PBS SoCal has been left with a giant hole in its schedule – and potentially its pocketbook – with the ending of hugely popular show “Downton Abbey.”

Now the flagship station for PBS in Southern California has the challenge of replacing the British period drama, which drew a mighty national audience of nearly 10 million viewers with its March 6 series finale, according to Nielsen ratings.

As a public TV station, which its annual report shows gets more than half its funding from member donations, the end of “Downton” brings financial worries as well.

During the most recent membership campaign at the end of last year, PBS SoCal said that it raised more than $1 million in contributions from 6,530 viewers throughout Southern California.

But “Downton” is not the only high-profile recent departure, as January saw iconic children’s program “Sesame Street” jumping from PBS station to premium cable channel HBO under a new five-year deal.

However, executives at PBS SoCal said they are not pressing the panic button, as they feel a string of shows they have in the pipeline will fill the quality gap.

“While we’ll miss ‘Downton Abbey,’ drama is stronger than ever on PBS,” said Andy Russell, chief executive at PBS SoCal. “We have a strong lineup of dramas with great scripts, costumes and scenery – cast with talented actors. That’s what audiences liked so much about ‘Downton.’”

He added that new children’s shows and previously aired “Sesame Street” episodes will continue to keep the kids happy.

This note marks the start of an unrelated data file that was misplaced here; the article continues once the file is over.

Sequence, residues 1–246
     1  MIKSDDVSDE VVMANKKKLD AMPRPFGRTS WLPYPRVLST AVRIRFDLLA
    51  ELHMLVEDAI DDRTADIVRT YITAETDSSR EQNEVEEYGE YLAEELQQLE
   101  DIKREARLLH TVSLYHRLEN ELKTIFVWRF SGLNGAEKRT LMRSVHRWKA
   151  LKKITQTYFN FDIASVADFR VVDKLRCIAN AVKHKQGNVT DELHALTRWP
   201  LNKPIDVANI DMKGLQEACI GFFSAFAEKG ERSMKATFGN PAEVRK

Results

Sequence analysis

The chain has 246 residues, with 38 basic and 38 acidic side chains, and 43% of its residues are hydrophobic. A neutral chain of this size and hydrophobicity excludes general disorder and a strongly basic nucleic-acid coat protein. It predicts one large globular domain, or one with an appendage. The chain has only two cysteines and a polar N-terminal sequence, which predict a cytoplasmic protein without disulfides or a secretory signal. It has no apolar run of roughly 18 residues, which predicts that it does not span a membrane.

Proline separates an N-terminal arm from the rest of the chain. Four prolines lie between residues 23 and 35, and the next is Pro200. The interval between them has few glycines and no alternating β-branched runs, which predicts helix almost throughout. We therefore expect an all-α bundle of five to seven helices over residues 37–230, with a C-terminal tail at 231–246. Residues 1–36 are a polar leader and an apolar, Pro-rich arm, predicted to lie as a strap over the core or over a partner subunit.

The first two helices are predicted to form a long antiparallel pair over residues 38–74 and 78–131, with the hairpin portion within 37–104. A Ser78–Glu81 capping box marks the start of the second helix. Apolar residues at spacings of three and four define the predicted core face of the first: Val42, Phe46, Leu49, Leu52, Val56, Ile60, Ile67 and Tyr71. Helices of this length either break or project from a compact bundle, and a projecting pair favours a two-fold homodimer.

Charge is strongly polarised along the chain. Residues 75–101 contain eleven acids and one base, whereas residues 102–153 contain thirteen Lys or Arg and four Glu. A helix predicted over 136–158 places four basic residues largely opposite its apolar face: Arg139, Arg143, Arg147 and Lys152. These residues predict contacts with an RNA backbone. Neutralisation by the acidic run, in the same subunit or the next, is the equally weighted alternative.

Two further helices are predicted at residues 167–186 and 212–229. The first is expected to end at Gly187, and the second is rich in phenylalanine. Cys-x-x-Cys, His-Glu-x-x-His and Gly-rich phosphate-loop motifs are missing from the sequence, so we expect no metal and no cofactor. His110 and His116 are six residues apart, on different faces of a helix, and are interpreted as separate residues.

But some TV industry analysts believe PBS should be worried.

‘Once in a lifetime’

“There will never be another ‘Downton Abbey,’” said Mary Murphy, senior lecturer at USC’s Annenberg School of Communication and Journalism and longtime critic for TV Guide. “That kind of quality, historical perspective, heart and soapy storylines comes around once in a TV lifetime. There is talk of a movie, but that may be a mistake or a fantasy, and it surely won’t be equal to a weekly installment of the Crawley family.”

PBS SoCal is the third-most-watched PBS station in the United States; New York and Chicago are first and second, respectively. For nearly 50 years, PBS has been serving up educational and cultural programming, news and documentaries to its 350 local member stations, without commercial support.

But “Downton” has been its biggest ever hit. For the past six years, the critically acclaimed multiaward-winning drama has captured viewers’ imaginations and in the process boosted PBS ratings, revenues and membership.


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